Assessing the impact of graphical design interfaces on design efficiency and effectiveness

Christopher Ligetti, Timothy W. Simpson, Mary Frecker, Russell R. Barton, Gary Stump

Research output: Contribution to journalArticlepeer-review

31 Scopus citations


Despite the apparent advantages of and recent advances in the use of visualization in engineering design and optimization, we have found little evidence in the engineering literature that assesses the impact of fast, graphical design interface on the efficiency and effectiveness of engineering design decisions or the design optimization process. In this paper we discuss two examples - the design of an I-beam and the design of a desk lamp - for which we have developed graphical and text-based design interfaces to assess the impact of having fast graphical feedback on design efficiency and effectiveness. Design efficiency is measured by recording the completion time for each design task, and design effectiveness is measured by calculating the error between each submitted design and the known optimal design. The impact of graphical feedback is examined by comparing user performance on the graphical and text-based design interfaces while the importance of rapid feedback is investigated by comparing user performance when response delays are introduced within each design interface. Experimental results indicate that users of graphical design interfaces perform better (i.e., have lower error and faster completion time) on average than those using text-based design interfaces, but these differences are not statistically significant. Likewise, we found that a response delay of 0.5 seconds increases error and task completion time, on average, but these increases are not always statistically significant. Trials using longer delays of 1.5 seconds did yield significant increases in task completion time. We also found that the perceived difficulty of the design task and using the graphical interface controls were inversely correlated with design effectiveness - designers who rated the task more difficult to solve or the graphical interface more difficult to use actually performed better than those who rated them easy. Finally, a significant "playing" effect was observed in our experiments: those who played video games more frequently or rated the slider bars and zoom controls easy to use took more time to complete the design tasks.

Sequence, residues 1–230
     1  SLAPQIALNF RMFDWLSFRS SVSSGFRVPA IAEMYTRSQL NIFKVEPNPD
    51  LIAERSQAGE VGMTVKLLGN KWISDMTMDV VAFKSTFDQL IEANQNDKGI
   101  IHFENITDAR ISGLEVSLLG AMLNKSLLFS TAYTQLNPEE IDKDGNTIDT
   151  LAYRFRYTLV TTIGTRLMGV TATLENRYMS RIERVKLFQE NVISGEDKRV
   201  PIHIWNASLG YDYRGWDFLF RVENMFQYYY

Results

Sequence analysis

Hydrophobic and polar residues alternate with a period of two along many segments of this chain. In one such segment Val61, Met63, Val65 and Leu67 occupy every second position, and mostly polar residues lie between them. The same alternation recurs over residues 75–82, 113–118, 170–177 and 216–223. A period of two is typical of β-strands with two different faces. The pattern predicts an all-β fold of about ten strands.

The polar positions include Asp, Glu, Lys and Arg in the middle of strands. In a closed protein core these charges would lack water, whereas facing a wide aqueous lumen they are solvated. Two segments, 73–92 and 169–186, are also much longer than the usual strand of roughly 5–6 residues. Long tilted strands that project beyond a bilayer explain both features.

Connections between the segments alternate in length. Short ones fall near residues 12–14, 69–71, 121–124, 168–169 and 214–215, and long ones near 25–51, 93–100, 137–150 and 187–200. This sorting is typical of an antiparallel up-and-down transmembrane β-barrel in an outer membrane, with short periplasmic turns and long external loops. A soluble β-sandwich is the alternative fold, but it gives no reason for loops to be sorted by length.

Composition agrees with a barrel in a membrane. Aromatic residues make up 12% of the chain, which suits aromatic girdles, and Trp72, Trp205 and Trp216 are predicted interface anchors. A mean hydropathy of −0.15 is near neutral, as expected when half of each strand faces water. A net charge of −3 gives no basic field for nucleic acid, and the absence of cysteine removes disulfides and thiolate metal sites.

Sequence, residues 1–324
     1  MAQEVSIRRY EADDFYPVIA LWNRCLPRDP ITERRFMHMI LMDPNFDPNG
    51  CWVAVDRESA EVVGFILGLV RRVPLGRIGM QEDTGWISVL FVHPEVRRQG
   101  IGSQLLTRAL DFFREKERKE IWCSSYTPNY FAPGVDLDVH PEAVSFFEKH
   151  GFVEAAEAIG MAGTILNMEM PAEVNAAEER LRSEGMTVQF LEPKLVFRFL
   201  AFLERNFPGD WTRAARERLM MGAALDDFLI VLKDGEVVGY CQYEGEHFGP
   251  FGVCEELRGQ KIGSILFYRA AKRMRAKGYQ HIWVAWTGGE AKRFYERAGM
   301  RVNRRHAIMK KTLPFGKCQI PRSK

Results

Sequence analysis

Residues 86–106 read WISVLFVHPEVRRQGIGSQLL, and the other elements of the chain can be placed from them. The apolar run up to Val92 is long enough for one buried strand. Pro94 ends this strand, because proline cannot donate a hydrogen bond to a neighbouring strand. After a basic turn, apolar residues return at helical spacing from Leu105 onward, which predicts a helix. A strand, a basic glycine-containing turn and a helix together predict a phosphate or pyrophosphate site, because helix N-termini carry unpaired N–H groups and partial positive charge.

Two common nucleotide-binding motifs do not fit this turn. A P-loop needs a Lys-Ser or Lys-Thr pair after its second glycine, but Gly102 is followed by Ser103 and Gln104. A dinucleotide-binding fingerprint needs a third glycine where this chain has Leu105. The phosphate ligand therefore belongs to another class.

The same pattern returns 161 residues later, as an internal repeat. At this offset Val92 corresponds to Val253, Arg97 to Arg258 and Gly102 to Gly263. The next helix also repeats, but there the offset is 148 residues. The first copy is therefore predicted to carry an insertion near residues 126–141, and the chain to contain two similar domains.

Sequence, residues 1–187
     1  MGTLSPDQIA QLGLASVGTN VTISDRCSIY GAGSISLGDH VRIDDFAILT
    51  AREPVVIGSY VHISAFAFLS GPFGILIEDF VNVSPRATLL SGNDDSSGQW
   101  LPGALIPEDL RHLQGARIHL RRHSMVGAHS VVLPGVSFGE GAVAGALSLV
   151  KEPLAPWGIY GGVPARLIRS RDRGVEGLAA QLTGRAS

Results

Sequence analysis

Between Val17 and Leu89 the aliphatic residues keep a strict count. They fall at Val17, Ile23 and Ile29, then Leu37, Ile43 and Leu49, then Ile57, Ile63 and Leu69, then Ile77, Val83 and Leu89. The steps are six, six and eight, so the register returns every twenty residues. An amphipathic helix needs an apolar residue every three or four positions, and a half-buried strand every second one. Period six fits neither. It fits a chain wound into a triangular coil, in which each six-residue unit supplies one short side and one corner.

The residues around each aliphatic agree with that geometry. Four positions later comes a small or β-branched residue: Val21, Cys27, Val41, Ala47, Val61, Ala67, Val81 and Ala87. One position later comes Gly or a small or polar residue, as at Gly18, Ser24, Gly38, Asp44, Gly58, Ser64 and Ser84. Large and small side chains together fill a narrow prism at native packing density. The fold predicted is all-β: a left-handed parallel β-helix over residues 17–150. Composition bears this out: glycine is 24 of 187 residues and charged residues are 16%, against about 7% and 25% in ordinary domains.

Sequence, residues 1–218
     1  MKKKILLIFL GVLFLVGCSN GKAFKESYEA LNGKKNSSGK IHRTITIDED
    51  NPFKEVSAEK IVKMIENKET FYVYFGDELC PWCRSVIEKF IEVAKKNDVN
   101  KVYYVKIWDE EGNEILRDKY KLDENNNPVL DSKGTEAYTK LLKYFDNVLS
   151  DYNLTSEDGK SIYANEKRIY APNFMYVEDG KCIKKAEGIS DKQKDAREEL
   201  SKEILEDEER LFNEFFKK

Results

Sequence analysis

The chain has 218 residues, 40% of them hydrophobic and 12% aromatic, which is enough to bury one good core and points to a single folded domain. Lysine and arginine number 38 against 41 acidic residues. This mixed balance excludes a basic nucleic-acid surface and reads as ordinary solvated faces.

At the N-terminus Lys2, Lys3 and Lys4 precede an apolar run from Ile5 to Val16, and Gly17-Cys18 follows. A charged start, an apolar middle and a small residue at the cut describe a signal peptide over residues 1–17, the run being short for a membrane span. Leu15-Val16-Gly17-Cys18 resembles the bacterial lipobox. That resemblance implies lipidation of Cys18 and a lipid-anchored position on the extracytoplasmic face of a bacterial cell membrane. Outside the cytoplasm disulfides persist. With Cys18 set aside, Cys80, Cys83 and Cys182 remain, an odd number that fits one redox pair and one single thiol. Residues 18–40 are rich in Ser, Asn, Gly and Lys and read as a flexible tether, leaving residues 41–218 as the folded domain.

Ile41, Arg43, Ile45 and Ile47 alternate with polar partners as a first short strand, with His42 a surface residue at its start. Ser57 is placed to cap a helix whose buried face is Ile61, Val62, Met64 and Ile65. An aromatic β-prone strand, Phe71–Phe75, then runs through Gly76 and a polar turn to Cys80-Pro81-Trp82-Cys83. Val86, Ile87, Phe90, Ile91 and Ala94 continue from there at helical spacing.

Original languageEnglish (US)
Pages (from-to)144-154
Number of pages11
JournalJournal of Computing and Information Science in Engineering
Issue number2
StatePublished - Jun 2003

All Science Journal Classification (ASJC) codes

  • Software
  • Computer Science Applications
  • Computer Graphics and Computer-Aided Design
  • Industrial and Manufacturing Engineering


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